I’m in a shopping mood, desperately trying to do my part for American commerce. This feeling comes upon me seasonally, like the primordial smell of early fall. The summer drought is over and a hallelujah revival is at hand. I’m feeling very productive, which translates on occasion in true capitalist fashion for desiring a very few beautiful objects.
Which gets me to the “heart of the matter”, a matter I have ruminated over for the abundance of the many years I’ve been on this earth. I am primarily a black and white photographer, who tends to like to see things in black and white, right or wrong, rich or poor, correct or incorrect, and even appropriate or inappropriate. The dilemma I’m about to describe to you although, may be ambiguous or have extenuating circumstances to you, reader, to me, there is no deviation or fluctuation. There is only one true way.
To truly understand the magnitude of this problem, I am forced to relate two stories that best illustrate the problem, both in life and most especially in pictures. Both occurred within months of each other.
The first goes back to a lunch with an advertising friend of mine. I do not remember what preceded the conversation, but what I do remember is this particular discussion.
On occasion some people have commented on my watch. It is a beautiful, classic, gold time piece. I purchased it well over twenty-five years ago but like most things I own or do, one could not tell by it’s look or condition whether I purchased it yesterday or many years ago. It is made of 21 carat gold with a delicate tiny sapphire on the knob. It has been on my hand so many years, it almost feels molded to my body. It’s time keeping is immaculate and it has kept me at the right place, at the right time for many years.
I’m drifting, so now back to the story. My friend glanced at my watch and asked me quite inappropriately but very typical of all of us, how much my watch cost. I told him and he pointed to his $29.95 special on his wrist and said his watch probably kept better time than mine (which was probably true), looked really nice (also true), and saved him an enormous amount of money.
This conversation quickly led us down the road of aesthetics and ended at some outpost I’m about to describe.
He said (before the years of exact copies of everything a woman wears) that if I could buy the exact same watch that looked exactly the same, made out of slightly different materials (12 carat gold, for example) and upon close examination it would look and feel identical but was half the price, would I buy it?
Without hesitation and without equivocation I said “Absolutely not. I want the original and even if no one can tell the difference, I want the best.”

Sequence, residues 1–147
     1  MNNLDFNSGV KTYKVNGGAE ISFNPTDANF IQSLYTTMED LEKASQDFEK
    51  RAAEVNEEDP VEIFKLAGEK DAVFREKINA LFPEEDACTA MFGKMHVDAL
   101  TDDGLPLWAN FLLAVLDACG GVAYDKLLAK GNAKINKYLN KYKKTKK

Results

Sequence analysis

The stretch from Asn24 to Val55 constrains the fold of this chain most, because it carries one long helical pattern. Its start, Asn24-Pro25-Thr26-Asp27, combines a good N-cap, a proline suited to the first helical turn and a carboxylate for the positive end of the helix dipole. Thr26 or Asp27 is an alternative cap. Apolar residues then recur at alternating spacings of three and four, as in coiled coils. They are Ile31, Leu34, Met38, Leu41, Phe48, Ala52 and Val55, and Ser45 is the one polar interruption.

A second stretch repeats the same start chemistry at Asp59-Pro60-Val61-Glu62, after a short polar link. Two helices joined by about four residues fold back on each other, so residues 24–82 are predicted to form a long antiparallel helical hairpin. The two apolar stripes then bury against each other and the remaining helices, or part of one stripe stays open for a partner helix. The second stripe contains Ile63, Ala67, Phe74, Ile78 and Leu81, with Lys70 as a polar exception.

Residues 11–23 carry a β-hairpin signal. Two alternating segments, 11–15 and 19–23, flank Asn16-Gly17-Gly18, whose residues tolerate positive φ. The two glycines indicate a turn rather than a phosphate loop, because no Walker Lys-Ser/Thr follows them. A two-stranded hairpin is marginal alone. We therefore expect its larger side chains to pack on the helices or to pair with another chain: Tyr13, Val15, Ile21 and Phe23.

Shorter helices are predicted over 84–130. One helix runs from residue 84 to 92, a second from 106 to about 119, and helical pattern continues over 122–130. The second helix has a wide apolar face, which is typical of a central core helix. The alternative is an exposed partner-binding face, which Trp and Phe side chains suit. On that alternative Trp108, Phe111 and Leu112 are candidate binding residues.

Now you may think this is a product of circumstance of wealth, or upbringing, but this watch was purchased when I had very little money and had to save for years to pay for it. Even then I didn’t want anyone’s copy.
So going back and forth with him, I told him a story that had recently occurred to me.
Upon my mother’s death, we were left with all her jewelry, the crown piece was a pear shaped diamond ring that I was surprised she had the strength to carry on her finger.
It was very large and very noticeable to anyone that was within half a mile of her.
It was everyone’s assumption that this extravaganza was the feminine paradigm of my father’s wealth. It was her Rolls-Royce.
Along with the rest of the jewelry I was going to sell, I did my due diligence, starting with Tiffany, but eventually landed on the infamous 47th street with an elderly Dutch man. One learns that diamonds are not only forever but that they travel very quickly, and word of this stone had made it’s way up 47th street well in advance of my arrival.
So without boring you with the details, let me cut right to the chase. This fine elderly, ruthless man took out his loop and with a magnified eye the size of a million dollar bill looked very carefully at the ring. My eyes were also getting bigger by the second. My mouth was fantasizing about the steak I was about to have for lunch, when he finally looked up at me, and his eye returned to normal in his socket, and pronounced it’s not FQ.
FQ, FQ, for the life of me I couldn’t figure out what he was talking about. I kept thinking of FAO Schwartz and was wondering if he was telling me to go sell the ring in a toy store.
Finally he said, the ring is not First Quality and began to explain. He said my father probably bought the ring around 1960 (he could tell by the setting) and had paid about $20,000. He said at that time my father had a choice. He could have either purchased a much smaller ring of first quality or (as he chose) a much larger ring of lesser quality. To use today’s vernacular. He decided to go for the bling.
So he said, at that point in time (some 25 years after the ring was acquired), if he had purchased an FQ stone, the ring would be worth hundreds of thousands of dollars, but this ring (although worth more than that original $20,000) was not worth a great deal more.
So with this statement my eyes began to focus on only twenty and hundred dollar bills, and I learned another lesson on the path of life.
I’m not interested in copies, reproductions, or second rate anything. I’m interested in the quality of things I purchase, in the life I live and in the pictures and the stories I tell.
Happy shopping to you all.